Welfare State Futurism

If technological progress continues, AI will eventually be able to replace all human labor. What will happen next?:

(1) One much discussed possibility is that the AIs will forcibly take control from humans, perhaps killing them or perhaps just pushing them aside and running the world without significant human input. This scenario is often thought of as analogous to historical coups or violent revolutions.

(2) Another possibility is that income would continue to be paid out to the factors of production (land, labor, and capital). In this scenario, people who owned capital or land prior to AI take-off would become fabulously wealthy from AI driven growth acceleration. But most people, who depend on wages or salaries, would starve or become dependent on charity. Robin Hanson’s Age of Em belongs to this group. Scenario (2) can be thought of as a future driven by factor payments.

(3) A third possibility is that income from the AI labor will be heavily taxed by a central authority, which will then pay that income out to people to replace the wages lost after the economy transitioned away from human labor. What kind of a future is (3)?

It is often thought of as a communist vision of the future. Here is Matt Yglesias:

Another way of putting it would be Simon (i.e., plenty) for capital and Malthus (i.e., subsistence) for labor. That, of course, is Karl Marx’s vision of long-term economic development. And while I don’t have a strong opinion as to whether or not this is accurate over the long term, it’s certainly a plausible story about the future, and Marx’s solution — socialism — unquestionably seems to me to be the correct one.

“a utopia with robots serving humans, impressionist style”, drawn by Stable Diffusion

But I think the identification of (3) with communism is incorrect. In fact, (1) is closer to communism, in that the workers (robots) would be seizing the means of production and liquidating the (human) owner class. (3) on the other hand is properly thought of as a welfarist, rather than a communist, vision of the future.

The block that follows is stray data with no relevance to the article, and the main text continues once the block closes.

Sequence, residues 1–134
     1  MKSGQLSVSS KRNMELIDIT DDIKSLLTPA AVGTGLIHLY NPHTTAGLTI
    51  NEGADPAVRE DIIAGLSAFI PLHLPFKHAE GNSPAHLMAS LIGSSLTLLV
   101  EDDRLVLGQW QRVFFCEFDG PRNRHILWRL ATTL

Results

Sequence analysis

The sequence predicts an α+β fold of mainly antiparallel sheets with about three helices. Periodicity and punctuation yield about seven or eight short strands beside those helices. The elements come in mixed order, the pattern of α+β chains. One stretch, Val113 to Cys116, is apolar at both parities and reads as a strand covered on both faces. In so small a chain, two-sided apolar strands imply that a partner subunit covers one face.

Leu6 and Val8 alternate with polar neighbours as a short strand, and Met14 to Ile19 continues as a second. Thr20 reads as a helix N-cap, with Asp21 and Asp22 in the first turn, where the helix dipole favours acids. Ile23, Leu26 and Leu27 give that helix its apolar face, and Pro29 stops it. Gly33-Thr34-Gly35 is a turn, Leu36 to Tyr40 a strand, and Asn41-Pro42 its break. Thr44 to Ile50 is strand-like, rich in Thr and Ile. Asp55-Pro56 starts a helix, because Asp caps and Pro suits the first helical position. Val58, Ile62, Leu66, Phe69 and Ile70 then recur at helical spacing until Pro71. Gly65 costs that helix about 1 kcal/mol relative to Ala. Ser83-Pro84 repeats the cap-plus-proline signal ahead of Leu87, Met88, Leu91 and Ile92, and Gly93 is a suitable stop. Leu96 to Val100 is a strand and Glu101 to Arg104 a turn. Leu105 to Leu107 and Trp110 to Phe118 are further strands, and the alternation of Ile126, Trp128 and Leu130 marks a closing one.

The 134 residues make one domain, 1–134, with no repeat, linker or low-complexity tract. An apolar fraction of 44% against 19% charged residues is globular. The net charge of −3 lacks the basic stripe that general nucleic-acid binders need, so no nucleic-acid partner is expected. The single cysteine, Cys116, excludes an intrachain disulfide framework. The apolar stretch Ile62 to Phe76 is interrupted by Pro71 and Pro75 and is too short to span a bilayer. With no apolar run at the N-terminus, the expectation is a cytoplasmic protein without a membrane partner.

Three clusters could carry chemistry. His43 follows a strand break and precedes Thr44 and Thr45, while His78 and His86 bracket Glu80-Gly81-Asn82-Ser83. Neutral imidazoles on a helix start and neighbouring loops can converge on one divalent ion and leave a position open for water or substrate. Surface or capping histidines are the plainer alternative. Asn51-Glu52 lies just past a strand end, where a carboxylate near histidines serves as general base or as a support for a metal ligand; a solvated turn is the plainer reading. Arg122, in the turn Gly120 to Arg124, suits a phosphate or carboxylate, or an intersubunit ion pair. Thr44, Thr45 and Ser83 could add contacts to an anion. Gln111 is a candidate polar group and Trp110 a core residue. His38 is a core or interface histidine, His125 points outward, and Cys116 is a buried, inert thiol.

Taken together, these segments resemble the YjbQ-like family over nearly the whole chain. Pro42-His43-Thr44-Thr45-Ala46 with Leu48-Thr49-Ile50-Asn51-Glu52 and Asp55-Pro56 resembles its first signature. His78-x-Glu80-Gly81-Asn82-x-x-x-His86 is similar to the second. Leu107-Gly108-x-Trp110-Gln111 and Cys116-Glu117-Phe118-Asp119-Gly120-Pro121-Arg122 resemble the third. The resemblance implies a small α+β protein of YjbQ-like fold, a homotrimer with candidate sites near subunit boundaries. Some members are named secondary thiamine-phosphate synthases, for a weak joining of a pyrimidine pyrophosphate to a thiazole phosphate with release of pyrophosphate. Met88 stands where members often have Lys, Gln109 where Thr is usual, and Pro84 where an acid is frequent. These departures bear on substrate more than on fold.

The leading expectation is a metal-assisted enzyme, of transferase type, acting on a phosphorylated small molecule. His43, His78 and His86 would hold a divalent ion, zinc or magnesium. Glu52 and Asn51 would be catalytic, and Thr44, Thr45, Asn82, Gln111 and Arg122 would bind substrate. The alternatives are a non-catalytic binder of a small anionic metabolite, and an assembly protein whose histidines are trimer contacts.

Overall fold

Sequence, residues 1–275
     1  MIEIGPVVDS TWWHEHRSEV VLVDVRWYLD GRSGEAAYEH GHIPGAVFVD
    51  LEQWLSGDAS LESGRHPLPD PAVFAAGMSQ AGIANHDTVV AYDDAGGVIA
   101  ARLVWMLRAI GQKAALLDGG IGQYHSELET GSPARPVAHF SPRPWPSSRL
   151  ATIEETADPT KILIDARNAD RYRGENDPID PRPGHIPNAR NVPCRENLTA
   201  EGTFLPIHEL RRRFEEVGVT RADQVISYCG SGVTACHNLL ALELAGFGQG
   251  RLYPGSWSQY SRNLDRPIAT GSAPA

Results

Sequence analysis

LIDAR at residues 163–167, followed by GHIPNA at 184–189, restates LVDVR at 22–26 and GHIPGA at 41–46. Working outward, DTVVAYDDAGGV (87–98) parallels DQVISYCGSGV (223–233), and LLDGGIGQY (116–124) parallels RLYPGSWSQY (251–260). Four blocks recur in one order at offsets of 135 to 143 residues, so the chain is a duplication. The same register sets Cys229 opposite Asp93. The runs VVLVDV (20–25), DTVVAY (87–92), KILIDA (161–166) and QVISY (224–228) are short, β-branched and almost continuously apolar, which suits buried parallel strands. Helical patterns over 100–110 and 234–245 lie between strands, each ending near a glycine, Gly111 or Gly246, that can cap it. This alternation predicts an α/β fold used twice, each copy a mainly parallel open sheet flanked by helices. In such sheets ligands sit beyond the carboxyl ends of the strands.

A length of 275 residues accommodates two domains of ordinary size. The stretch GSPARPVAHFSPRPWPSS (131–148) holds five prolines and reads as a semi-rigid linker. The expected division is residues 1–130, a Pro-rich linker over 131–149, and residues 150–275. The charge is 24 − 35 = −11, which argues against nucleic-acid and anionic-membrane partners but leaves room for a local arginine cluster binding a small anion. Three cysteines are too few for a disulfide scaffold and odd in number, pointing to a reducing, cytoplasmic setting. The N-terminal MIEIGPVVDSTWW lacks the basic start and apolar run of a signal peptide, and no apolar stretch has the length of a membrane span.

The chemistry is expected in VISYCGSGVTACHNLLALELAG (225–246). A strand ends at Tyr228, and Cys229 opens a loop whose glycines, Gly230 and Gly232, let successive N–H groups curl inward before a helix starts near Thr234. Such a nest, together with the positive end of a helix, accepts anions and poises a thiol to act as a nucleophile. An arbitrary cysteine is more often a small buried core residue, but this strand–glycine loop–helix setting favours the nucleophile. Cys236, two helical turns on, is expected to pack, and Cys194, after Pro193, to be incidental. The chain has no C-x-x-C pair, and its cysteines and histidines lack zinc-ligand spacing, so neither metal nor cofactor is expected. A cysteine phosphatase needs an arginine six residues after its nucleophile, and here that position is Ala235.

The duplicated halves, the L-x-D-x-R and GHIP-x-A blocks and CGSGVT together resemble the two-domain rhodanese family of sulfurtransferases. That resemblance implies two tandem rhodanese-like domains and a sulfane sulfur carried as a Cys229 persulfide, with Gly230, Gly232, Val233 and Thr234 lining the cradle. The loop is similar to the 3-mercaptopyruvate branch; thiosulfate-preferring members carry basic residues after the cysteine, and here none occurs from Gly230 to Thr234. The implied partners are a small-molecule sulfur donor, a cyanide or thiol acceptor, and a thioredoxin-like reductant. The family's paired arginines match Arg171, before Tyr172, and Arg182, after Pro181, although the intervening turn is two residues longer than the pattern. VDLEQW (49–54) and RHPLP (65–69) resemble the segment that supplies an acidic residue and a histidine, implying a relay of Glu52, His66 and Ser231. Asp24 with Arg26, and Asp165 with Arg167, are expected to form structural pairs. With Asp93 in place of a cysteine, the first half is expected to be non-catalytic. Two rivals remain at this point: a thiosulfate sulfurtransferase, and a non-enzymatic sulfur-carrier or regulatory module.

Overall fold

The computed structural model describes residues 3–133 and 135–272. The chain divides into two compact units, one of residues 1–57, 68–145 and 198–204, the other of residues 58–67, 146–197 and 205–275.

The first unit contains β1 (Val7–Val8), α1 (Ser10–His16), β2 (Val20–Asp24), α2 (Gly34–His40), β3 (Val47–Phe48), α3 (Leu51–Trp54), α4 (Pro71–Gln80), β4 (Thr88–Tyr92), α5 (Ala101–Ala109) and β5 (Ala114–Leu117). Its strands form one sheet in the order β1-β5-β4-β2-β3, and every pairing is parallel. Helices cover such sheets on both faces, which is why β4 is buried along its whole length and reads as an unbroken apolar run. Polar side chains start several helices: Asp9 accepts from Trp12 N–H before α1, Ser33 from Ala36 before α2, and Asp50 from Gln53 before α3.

One model of the purpose of the welfare state is that it exists to provide income to those who receive no factor payments. A large section of society does not work for wages or own capital. Children, students, the temporarily unemployed, retirees, and the disabled all need some sort of income. Some might say that this income should come exclusively from personal savings or from family members. But another view is that it should provided out of tax revenue by the state. Matt Bruenig illustrated this point of view with a Swiss welfare state theory graphic:

The graphic shows two households at different levels of per capita income. Each household has one worker, but one of the workers supports a large family while the other worker supports only himself. The function of the welfare state, in the graphic, is to equalize the two workers’ incomes by redistributing from the worker with no dependents to the household of the worker with many dependents.

What does this have to do with futurism? If no humans work, the group without labor or capital income will become much larger. In addition to all those who do not currently work, it will expand to include those who mainly get income from working. In scenario (3), nearly everyone would become a welfare state beneficiary. But that would be nearly the opposite of communism, because the workers (robots) would control neither the instruments nor the products of their labor. In fact, they would presumably receive the bare minimum of “income” that they needed to keep working. Robots in (3) would therefore be in the position that Marx (wrongly, as it turned out) thought that the human proletariat was in.

Most people want to avoid scenario (1). But some might might prefer (2) to (3). And even if you do prefer (3) to (2), the difficulties in realizing it are substantial. You need to get whoever has control of the robots to submit to redistribution, but they might use their vast resources to resist, through force or litigation. I think (3) is possible in two situations. First, AI take-off might happen slowly enough (and governments might be with-it enough) that no private actor gets a decisive strategic advantage over existing regimes. Second, some private actor might create a new regime after becoming far more powerful than existing governments, and that regime might be redistributive.

travel brochure for a futuristic utopia, Stable Diffusion

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